Thursday, December 31, 2009

a poem


On the very edge of darkness
I looked Death square in the eye, and smile.
He points two fingers at his eyes
and then at mine,
to say like a bad comedy gangster,
I’m watching you.
Then with those same two fingers,
he thumps my sternum,
tips me off the edge of the precipice.
I fall into the nothing, into the void,
and back home to my body.

I am home, I have been there
with Death a few times,
and somehow at that crucial moment,
something in me awakes,
shines the light back out
and says, I’m not done yet.

I fall like a meteor,
come back home
To earth
To my body
growing more achy
with the years
but still whole.

The vision doesn’t end
when I open my eyes.
I now know what to do.
I find the knot that stitches
my ribcage together, pull it,
and it comes apart -
an easy bow at the wrist of a boxing glove
the arch point of a sneaker
the back of a laced up wedding gown.
My chest opens like a robe,
and from in me
all the darkness of night
all the stars held in it
come pouring out.

I remain open,
a conduit to the infinite we.

Wednesday, December 30, 2009

Promises, Promises

It's that time of year. You know, the one having to do with quitting this, starting that, losing this, scrapping that.

So here's mine:

In 2010 I resolve:

to breathe first, yell later, and only if it's absolutely necessary.

to devote myself, my time and my gumption to finishing the edits and that one stubborn hole of a chapter in Felix the Comet.

to seriously rewrite the companion middle reader novel to Felix, starting with an outline. My fourth grade teacher, Mr. Cubelli would be so proud.

to hug my kids more, especially the big ones.

to get outside, even when it's cold and wet.

2009 lessons learned:

Southern fleas are uber SOBs.

Listen to my body. It's telling me important things.

I can do anything I set my mind to, when I don't get distracted.

Stop second guessing myself. I've been around long enough to know better.

NaNoWrimo is a gas, but needs a better engine for me to really accomplish something good with it, like an outline for starters, and for kids and self not to catch a flu from hell.

Here's to new and better things in 2010, and farewell 2009. What are your resolutions?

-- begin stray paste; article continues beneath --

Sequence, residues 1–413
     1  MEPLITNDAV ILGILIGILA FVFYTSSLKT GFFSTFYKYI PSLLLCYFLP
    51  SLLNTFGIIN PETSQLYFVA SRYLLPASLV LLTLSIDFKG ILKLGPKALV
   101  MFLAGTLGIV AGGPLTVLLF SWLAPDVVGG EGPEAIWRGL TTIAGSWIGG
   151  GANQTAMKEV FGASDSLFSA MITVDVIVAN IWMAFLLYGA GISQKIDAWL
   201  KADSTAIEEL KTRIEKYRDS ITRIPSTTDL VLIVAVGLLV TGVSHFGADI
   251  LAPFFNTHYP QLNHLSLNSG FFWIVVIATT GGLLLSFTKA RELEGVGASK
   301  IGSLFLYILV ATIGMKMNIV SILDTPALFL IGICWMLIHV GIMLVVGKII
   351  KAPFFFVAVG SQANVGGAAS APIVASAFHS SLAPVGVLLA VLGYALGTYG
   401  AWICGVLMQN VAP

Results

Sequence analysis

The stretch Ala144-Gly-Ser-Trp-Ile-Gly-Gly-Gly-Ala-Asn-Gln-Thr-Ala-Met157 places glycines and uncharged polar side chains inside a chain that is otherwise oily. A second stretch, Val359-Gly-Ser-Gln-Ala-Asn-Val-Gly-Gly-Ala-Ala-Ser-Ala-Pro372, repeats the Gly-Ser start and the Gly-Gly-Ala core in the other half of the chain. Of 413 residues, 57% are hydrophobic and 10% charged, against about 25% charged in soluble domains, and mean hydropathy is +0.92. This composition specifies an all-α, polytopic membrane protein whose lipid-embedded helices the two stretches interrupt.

Tuesday, December 29, 2009


To protect the innocent and not so innocent in my family, I have been using first initials. I was never keen on it, but at the time I started, I wasn't feeling very imaginative about the kids' names or anyone else's for that matter. We do have a bevy of nicknames around the house, but I knew those would just be embarassing, especially for the teen.

At times, it can get quite confusing what with my eldest child, both my brothers and most of eldest child's friends starting with K. I tried a numbers system K, K2, K3 for his closest friends, and then in some blog post, my brothers entered the picture, and I can't recall what I did with them. Oh yeah, I opted for the three inital mode for them, which never felt right as my older brother is definitely a K name and not a WKC. My wacky parents called him by his middle name. His official first name is his son's name, and... oh forget it!

And Baby C is hardly a Baby anymore. S as a name always fell flat. Honey, however will remain Honey, because he is my Honey, even on days when I am feeling less than sweet toward him.

So I have been considering the options that best suit each child's personality. When Baby C entered the world, S said, Hey Toots! upon meeting her, and it is safe to say that that nickname stuck from the sheer old fashioned, Speakeasy fun of it. My daughter, the toddler gangster's moll. We do call her Toots, among other things, around home. It is a fitting name for her here.

Therefore, may it be proclaimeth that Baby C shall henceforth be referred to and known as Toots. And sometimes I even call her Toots and the Maytals - a throwback to a reggae band I saw in the 80s. Ooooo, I just googled and they're apparently still touring!

But I digress.

Baby C is now Toots.

K has oft prided himself on his cynical nature, which I find extremely amusing, since he's been trying to be a cynical teen since he was about four years old, so he henceforth shall be known as Mr. Cynic.

Ya hear that, Mr. Cynic? yeah, that means you, dude.

(I just wanted to embarass him a little more anyway)

S is the toughie. He has an unabiding love of Godzilla and all things giant monster, especially ushered in from Toho Studios. He has recently declared his adult career of choice is comic book artist, and I've shown some examples here. I certainly do not want to caption him as his Asperger's Syndrome alone, because there is so much more to him than that. Maybe that's it: Captain Comic - to be used thusly as in The Further Adventures of Mr. Cynic and Captain Comic. Sure, that fits. Captain Comic it is. He is a very funny guy, too.

So that takes care of the kids. Mr Cynic, Captain Comic and Toots. They'd make a great alt comic gang, don't you think? But guess what, they're mine. And so is their particular mode of mayhem.

Monday, December 28, 2009

Inspiration deferred

Last night I was popping with Ideas. They were magical, they were inspirational, they were....last night and I didn't write them down.

During the night a stuffy Baby C had to cuddle. Through the night she began to resemble a hot water bottle..which slowly heated itself more and more until she was a wiggly fussy constantly nursing very hot water bottle.

Needless to say, I have not slept. I feel like a wad of cotton has replaced my brain. C's pediatric appointment is scheduled for later this afternoon and with the exhaustion I slipped my disc first thing this morning.